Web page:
Monday, August 31, 2009
According to Giving USA, Americans gave an estimated $307.65 billion to charities in 2008. Although a two percent drop in current dollars over 2007, this is a staggering number, especially considering the tightening in our budgets due to the challenging economic recession. As nonprofits strive to meet growing needs in our communities, donors want to feel confident that their hard-earned contributions will do the most good. What can and should charities be doing to protect and nurture this community-minded generosity?
As stated in the Fundraising section of MCN’s Principles and Practices, “(n)onprofit organizations are responsible for conducting their fundraising activities in a manner that upholds the public’s trust in stewardship of contributed funds”.
There are many ways of honoring this responsibility, and organizations should have thoughtful and proactive conversations about which ones to implement. One of the most commonly cited lists of expectations is the Donor Bill of Rights, developed by the Association of Fundraising Professionals and others.
In the coming weeks, we will be highlighting the most essential practices that have been recommended and reinforced by the members of our board Program Committee, experts in the areas addressed, as well as focus groups.
We begin with the Fundraising Disclosure Standard, which maintains that we should certainly expect that charities will clearly identify themselves in their solicitations by providing their address or phone number. Solicitations should also describe how donations will be used. While these seem to be such simple, common-sense expectations, I am reminded of how important stating this information clearly can be for donors, as illustrated in my co-worker, Amy Sinykin’s, previous What’s in a Name? post. We must be wary of organizations taking advantage of well-respected and established charities’ names to mislead donors into supporting them. This can damage the public’s trust and be detrimental to the charitable sector as a whole.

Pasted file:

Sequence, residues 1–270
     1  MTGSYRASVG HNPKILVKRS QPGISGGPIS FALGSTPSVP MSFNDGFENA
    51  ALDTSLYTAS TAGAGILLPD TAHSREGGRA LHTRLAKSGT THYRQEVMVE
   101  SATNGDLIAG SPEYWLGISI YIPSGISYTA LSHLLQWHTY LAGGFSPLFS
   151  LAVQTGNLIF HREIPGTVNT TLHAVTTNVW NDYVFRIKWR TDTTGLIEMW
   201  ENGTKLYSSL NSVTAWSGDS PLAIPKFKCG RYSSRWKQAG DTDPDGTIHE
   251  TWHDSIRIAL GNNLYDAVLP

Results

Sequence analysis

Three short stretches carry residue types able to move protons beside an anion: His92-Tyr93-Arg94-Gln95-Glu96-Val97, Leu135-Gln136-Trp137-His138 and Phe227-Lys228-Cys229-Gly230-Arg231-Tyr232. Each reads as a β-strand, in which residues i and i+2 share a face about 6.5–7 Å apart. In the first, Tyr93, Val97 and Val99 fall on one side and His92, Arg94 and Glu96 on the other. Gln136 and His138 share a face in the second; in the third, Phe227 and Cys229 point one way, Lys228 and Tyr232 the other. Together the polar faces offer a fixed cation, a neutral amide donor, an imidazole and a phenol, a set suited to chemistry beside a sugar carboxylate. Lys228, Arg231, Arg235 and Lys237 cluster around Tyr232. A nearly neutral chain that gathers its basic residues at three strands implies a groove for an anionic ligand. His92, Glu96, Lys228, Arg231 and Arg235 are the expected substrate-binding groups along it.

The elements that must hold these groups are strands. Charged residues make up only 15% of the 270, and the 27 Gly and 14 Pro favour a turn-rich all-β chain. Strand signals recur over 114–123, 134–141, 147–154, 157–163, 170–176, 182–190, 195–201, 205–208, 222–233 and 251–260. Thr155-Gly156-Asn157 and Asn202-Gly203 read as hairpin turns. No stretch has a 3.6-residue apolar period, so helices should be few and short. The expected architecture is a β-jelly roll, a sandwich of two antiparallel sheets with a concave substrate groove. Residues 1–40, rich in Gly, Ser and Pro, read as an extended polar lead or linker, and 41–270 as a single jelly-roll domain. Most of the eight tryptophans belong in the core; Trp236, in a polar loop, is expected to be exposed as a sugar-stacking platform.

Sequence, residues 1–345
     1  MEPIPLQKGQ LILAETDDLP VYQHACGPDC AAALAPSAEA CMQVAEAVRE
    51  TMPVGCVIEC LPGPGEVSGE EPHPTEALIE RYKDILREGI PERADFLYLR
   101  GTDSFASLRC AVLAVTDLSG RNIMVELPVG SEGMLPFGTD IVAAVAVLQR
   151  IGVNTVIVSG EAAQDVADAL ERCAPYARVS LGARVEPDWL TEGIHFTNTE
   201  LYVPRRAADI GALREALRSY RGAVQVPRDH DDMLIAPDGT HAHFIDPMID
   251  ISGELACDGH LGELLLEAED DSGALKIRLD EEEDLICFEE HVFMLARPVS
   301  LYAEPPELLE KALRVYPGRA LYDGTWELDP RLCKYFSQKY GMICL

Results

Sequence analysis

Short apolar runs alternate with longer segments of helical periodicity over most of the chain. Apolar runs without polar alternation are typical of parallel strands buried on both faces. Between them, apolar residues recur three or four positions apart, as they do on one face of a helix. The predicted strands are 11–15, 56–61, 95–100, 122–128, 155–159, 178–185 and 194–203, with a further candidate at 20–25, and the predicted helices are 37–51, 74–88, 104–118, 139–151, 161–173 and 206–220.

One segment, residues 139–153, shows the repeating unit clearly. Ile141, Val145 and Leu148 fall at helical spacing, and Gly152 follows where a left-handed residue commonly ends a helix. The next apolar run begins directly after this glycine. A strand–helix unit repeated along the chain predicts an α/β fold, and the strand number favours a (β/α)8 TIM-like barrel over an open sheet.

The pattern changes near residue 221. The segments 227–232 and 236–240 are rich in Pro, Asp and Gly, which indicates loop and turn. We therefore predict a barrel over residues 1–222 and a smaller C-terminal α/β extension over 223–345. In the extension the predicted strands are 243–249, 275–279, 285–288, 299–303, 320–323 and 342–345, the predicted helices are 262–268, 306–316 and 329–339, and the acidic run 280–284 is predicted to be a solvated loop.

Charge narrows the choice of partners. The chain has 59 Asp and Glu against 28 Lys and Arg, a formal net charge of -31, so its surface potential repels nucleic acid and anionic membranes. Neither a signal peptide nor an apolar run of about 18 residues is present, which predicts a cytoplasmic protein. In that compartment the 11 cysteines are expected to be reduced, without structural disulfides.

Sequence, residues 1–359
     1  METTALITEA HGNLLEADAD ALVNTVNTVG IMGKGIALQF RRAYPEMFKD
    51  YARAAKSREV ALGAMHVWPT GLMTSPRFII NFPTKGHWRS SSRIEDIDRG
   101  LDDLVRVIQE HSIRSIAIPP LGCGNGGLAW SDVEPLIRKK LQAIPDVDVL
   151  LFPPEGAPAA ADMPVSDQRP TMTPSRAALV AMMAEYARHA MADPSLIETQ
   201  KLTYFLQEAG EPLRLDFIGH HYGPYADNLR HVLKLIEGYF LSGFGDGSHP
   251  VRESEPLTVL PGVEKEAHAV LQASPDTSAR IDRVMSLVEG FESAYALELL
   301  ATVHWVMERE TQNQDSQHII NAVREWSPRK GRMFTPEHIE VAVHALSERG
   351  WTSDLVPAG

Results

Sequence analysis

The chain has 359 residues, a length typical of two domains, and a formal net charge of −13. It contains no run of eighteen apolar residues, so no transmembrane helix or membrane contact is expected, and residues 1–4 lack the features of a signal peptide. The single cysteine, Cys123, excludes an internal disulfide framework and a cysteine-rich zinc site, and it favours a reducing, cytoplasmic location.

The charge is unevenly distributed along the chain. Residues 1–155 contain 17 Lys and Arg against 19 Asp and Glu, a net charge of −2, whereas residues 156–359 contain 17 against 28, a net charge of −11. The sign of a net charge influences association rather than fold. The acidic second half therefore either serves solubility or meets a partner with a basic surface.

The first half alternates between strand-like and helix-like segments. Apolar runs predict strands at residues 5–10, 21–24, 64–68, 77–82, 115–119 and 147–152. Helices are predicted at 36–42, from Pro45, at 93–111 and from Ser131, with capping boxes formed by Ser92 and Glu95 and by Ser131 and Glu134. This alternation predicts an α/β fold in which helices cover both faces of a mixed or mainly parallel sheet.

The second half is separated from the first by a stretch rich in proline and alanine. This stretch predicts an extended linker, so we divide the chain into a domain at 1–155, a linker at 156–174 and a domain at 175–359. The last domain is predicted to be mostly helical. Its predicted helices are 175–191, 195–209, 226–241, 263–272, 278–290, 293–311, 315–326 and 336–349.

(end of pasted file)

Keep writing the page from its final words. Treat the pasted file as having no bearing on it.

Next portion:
Are there other basic expectations we should address here for what a charity discloses to donors through their solicitations? Please weigh-in, and check back here to discuss the Voluntary and Charitable Giving Standard later this week.
Friday, August 28, 2009
For that reason, we decided to add a new standard speaking to this issue. Like many of the other standards related to policies, we intend to provide a sample policy for organizations to download and pass at the board level. One example that we’re considering is the sample policy found on the Minnesota Attorney General’s Office.
For the last couple weeks we’ve been holding town hall forums and yesterday we were in Fargo. One piece of feedback we’re hearing is that some standards feel like busy-work and, especially for smaller organization, to pass multiple policies can take a lot of time away from the work of the nonprofit. What is your opinion? Is requiring a travel and reimbursement policy helpful in upholding accountable practices? Or is it just another policy that takes time away from getting the work of the organization done?
The Travel and Entertainment Reimbursement Policy standard is the last standard in the Financial Activity section. Starting next week we begin blogging about the last section, Fundraising.
Next post: Fundraising Disclosure
Monday, August 24, 2009
Now some could argue that providing loans to employees is a way to attract top talent and to ease the cost of moving to a new city or state. We’ve also heard from some organizations that they provide very small loans (less than $500) to employees in times of need. In both instances, these practices wouldn’t be allowed under this new standard since it makes a blanket statement that no loans or loan guarantees will be provided. Our feeling is that although there may be good reasons to offer loans to employees or board members, the funds raised by a nonprofit should be in support of its mission and solely used for that purpose.